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"No human condition should be alien to the service of God's people" - Rt. Rev. Rodrigo Mejia Saldarriaga

by Francis Aziza, SJ, North-West Africa Province (ANW)

It is with the most profound feelings of joy and gratitude that the Hekima University College Jesuit Community gathered in prayer for the Diaconate ordination of 25 Jesuit Scholastics and the Priestly ordination of one member of the Xavierian Missionaries of Yarumal on Saturday, February 13, 2021. The scholastics come from 13 countries and 7 Provinces of the Society in Asia, Africa, and Madagascar.

Despite the limited number of relatives and well-wishers who were physically present, the congregation was supplemented by friends and well-wishers who attended virtually.

At 10:00 am, the procession for the Mass began from the College Chapel to the Ordination Square. The Ordaining Prelate, Rt. Rev. Rodrigo Mejia Saldarriaga, SJ was joined by the JCAM president Fr. Agbonkhianmeghe E. Orobator, SJ, JCAM Major Superiors, and concelebrating priests. The Ordaining Prelate, Rt. Rev. Mejia, described the venue for the Mass as an ‘Ecological Cathedral.’ With the clouds as the ceiling, trees as the pillars, grass as the floor, and the heavens as the roof, it was easy to see the reason for this title.

Having rained during the week and with the weather forecast predicting that it would rain on this day, there were serious doubts that the ordination would be held at Hekima’s Ordination Square. The nearby parish had already been secured as an alternative venue in case it rained. Just as the Mass was beginning, the clouds had gathered, casting darkness on the venue. Some feared the worst that the ceiling of our cathedral would cave in, and the rains would fall. However, in faith and trust in God, we began the Mass and, not only did it not rain, but the sun briefly came out to provide light while the breeze brought much-needed ventilation to our cathedral.

In his inspiring words of exhortation, Bishop Mejia told the Ordinandi that the common notion for many in the Church is that the work of a deacon is only during liturgical services. He encouraged them to dispel such notion, stressing that they should not limit their diaconate role to liturgical services only. A deacon is not ordained solely or primarily for the liturgy but for service. He stated that the duty of service bestowed by one’s diaconate ordination does not disappear but is strengthened by his priestly ordination. Furthermore, he referred to Pope Francis’ Apostolic Exhortation, Evangelii Gaudium, warning the Ordinandi against ‘Spiritual Worldliness’, which entails applying worldly categories to spiritual matters, especially with regard to power and authority in the Church.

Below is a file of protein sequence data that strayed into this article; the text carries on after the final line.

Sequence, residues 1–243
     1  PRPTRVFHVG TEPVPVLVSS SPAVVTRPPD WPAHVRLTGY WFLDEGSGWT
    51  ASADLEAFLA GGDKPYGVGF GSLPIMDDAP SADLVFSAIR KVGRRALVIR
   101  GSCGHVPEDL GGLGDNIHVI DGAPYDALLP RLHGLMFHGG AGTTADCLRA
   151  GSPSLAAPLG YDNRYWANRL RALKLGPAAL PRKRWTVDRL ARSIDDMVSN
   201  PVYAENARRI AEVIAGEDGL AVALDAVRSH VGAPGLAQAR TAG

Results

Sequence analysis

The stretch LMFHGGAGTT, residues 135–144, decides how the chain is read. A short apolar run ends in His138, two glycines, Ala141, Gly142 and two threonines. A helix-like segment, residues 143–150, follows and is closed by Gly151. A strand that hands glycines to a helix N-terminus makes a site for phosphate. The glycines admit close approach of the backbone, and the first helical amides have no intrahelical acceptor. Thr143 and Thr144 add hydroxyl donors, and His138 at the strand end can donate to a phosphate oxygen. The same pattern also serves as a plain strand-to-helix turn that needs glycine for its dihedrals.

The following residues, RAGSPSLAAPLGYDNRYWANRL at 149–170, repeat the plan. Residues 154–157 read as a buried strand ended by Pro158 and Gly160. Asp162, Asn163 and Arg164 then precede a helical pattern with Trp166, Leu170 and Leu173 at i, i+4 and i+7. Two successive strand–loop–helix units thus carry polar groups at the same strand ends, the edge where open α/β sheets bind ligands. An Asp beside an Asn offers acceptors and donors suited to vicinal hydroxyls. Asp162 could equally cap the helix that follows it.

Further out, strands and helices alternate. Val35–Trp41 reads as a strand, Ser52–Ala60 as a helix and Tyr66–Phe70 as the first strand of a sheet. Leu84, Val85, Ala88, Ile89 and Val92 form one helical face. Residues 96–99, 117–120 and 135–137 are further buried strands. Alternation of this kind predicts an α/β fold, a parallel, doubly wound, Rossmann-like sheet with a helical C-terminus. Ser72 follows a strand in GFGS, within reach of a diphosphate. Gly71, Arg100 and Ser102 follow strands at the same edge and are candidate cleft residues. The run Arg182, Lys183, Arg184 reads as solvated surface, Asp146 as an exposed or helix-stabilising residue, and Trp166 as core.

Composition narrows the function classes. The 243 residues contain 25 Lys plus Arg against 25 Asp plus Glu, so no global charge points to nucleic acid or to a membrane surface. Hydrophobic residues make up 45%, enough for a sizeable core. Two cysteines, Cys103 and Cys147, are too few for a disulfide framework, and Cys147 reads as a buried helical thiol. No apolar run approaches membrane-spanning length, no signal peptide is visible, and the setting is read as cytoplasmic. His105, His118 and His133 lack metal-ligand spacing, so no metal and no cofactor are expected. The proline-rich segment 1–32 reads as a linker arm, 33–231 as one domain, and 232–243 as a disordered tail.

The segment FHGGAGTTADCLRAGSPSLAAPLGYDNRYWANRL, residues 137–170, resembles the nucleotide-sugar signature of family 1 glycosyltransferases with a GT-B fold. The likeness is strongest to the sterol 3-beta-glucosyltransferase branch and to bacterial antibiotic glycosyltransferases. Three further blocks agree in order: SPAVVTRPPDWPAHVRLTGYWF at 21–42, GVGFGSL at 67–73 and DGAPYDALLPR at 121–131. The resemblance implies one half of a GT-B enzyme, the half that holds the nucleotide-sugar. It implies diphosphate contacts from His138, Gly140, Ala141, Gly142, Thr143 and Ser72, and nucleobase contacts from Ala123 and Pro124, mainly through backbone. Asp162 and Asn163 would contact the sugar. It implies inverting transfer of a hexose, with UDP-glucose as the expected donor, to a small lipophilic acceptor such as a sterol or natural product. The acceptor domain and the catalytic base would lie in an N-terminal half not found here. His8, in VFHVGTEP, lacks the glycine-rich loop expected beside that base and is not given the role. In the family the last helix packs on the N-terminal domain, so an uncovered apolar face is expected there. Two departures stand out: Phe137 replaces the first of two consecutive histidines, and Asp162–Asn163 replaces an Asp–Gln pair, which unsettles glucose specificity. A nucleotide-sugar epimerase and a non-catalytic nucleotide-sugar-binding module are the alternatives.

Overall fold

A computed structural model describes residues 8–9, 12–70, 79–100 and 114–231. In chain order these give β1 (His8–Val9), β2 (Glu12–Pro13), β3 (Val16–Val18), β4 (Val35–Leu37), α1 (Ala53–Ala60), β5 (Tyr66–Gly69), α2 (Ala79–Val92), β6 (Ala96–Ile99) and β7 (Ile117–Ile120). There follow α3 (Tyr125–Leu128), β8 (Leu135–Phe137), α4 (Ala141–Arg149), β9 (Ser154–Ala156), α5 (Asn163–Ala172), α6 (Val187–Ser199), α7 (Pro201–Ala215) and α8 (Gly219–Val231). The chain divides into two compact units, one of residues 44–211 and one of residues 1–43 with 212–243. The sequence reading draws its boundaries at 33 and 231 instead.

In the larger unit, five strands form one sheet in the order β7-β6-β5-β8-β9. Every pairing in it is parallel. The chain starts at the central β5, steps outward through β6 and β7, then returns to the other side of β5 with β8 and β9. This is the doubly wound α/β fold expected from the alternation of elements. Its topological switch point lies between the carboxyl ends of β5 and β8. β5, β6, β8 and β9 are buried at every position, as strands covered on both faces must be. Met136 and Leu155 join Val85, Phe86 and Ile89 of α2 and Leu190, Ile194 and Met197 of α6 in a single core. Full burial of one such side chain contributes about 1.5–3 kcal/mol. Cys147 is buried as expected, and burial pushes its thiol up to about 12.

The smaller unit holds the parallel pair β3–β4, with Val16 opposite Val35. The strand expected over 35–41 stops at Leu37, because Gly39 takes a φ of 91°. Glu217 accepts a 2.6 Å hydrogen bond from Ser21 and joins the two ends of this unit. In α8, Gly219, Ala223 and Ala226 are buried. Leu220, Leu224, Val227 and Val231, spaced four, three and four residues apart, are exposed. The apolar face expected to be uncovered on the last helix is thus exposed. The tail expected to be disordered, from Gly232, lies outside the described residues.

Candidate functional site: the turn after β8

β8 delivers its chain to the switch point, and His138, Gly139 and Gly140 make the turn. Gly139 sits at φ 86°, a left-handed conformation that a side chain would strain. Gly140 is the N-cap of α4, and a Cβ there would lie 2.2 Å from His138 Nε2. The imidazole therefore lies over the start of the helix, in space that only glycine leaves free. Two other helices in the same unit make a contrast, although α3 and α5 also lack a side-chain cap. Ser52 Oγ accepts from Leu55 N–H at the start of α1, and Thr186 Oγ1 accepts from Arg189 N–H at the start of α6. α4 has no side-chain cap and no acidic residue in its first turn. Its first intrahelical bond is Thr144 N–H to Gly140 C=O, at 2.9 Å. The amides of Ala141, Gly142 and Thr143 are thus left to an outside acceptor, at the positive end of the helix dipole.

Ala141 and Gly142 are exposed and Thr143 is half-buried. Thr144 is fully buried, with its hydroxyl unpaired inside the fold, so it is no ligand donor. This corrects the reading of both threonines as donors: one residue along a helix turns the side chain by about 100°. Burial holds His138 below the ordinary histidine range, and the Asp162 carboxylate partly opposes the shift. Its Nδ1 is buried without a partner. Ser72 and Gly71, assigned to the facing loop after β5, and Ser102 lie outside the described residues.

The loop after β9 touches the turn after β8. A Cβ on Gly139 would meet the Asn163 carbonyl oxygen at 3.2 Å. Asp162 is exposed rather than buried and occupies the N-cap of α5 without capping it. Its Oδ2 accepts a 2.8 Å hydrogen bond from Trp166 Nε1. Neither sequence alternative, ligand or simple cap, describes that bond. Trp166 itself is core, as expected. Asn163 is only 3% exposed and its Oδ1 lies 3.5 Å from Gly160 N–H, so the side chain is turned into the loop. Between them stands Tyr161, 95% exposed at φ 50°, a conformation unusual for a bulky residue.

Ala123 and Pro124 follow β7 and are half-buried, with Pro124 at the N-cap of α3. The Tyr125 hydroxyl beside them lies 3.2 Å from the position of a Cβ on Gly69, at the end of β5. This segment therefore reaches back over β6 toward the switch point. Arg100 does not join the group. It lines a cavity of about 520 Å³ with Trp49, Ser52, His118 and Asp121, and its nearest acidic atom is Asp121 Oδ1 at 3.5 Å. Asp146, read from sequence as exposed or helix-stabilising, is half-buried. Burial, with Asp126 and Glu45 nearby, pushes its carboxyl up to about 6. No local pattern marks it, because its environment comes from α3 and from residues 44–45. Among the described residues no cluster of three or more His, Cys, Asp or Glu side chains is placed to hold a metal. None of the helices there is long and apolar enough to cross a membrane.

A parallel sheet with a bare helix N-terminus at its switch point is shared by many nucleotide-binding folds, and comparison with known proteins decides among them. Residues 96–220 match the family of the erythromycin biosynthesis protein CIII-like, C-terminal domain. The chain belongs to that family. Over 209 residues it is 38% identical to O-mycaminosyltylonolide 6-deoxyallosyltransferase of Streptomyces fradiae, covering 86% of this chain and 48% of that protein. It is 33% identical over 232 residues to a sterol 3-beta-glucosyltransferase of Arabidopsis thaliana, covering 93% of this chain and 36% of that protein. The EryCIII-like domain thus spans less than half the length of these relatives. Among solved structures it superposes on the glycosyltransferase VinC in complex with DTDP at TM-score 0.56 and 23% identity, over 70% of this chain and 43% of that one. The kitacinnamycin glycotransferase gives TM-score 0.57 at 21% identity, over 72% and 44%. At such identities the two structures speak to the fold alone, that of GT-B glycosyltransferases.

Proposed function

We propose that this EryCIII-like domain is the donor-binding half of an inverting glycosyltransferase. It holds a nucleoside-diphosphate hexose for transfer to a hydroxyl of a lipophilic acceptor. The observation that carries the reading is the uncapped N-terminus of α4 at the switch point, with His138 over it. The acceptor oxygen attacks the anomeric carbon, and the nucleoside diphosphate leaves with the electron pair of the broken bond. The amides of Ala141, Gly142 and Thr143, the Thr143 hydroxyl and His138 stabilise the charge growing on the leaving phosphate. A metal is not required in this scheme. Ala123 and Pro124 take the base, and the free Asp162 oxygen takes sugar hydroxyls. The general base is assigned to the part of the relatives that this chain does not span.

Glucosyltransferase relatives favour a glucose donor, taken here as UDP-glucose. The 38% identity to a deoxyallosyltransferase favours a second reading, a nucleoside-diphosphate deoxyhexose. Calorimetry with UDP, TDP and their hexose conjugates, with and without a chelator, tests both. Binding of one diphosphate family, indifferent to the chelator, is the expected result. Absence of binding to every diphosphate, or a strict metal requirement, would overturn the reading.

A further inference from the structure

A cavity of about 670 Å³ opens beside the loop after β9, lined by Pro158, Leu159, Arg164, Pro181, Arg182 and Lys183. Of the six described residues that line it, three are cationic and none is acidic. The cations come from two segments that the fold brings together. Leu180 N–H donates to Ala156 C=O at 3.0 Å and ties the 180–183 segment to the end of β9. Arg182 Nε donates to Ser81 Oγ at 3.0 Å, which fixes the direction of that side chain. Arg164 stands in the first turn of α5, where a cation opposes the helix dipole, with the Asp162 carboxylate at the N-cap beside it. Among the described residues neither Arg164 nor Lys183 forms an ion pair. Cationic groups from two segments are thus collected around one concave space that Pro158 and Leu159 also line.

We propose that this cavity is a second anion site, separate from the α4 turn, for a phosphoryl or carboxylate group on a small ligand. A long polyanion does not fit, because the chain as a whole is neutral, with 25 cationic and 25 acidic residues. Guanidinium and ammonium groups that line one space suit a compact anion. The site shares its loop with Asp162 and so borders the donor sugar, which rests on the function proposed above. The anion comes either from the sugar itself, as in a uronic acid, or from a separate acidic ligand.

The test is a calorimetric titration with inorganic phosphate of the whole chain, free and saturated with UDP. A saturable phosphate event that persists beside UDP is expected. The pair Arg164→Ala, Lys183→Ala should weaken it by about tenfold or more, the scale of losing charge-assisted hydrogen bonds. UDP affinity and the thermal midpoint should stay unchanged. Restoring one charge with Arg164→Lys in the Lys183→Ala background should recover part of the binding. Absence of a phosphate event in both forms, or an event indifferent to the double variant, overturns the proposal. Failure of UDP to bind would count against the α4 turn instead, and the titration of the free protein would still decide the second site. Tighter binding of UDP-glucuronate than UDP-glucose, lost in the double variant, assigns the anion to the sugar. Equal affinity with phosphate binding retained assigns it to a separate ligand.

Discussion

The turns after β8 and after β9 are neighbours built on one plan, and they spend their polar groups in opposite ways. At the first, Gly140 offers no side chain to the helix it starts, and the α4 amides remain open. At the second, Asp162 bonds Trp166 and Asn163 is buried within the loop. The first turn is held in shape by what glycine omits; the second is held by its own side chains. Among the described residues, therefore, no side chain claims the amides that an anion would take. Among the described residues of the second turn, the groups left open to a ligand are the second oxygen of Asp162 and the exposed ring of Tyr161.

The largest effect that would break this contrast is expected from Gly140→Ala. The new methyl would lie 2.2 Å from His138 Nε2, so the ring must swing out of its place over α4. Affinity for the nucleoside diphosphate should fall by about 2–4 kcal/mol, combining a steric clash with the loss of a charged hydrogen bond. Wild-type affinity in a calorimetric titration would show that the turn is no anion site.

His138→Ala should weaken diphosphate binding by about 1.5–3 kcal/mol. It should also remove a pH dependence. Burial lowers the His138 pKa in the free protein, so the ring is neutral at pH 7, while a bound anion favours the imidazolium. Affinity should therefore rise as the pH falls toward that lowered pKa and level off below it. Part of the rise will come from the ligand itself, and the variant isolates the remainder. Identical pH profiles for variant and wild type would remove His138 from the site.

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He continued by citing the examples of three deacons who greatly impacted the life of the Church through their lives of service in various ways. St. Stephen, the first martyr, helped in serving the widows of the Greek Christians so that the Apostles would focus on their task of preaching the Gospel. St. Lawrence, a treasurer of one of the Christian communities, was a model of service, exemplifying a preferential option for the poor in. His prophetic and symbolic gesture of presenting the poor and marginalized when asked to submit the treasures of the Church to the authorities resulted in his eventual martyrdom. St. Francis of Assisi was very instrumental in the reformation of the Church at a time of great crisis. He served as a witness to the Gospel through his poverty, entreating his companions to announce the Gospel 24 hours a day and, if necessary, to preach.

Bishop Mejia concluded by telling the Ordinandi that no human condition should be alien to their service. He advised them not to undermine or to look down on any aspect of the work of God or consider any form of service inferior to others. Rather, they ought to consider their service to God’s people as universal and perform it without discrimination, in truth, and in spirit.

After the homily came the moment, we had all been waiting for when the prayers of consecration and other rites were performed. Our brothers were finally adorned, with their stoles and dalmatics and a chasuble for the Xavierian Missionary, to the glory of God and the delightful cheers of the congregation, both physical and virtual.

In giving the vote of thanks, the new deacons expressed their appreciation to God, their formators, family members, friends, relatives, and all who were instrumental in their vocation journeys. They promised to follow the footsteps of the Ordaining Prelate, not as Bishops, but as men of service. The Mass ended around 1:00 pm, after which the new deacons took pictures and were beseeched by countless requests for blessings from members of the congregation.

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We are immensely grateful to God for all that happened and for the 25 new deacons of our Conference. We offer them our hearty congratulations as they begin their lives of service, especially by proclaiming the Gospel and preaching during Masses in the various Jesuit communities. We pray that God may continue to be with them and grant them the graces of this ordination as they look forward to their priestly ordination.

Oh, I must not fail to mention that it rained cats and dogs throughout Saturday night and into Sunday morning.

 

Photos courtesy: Cedric Mouzou, SJ, Hekima University College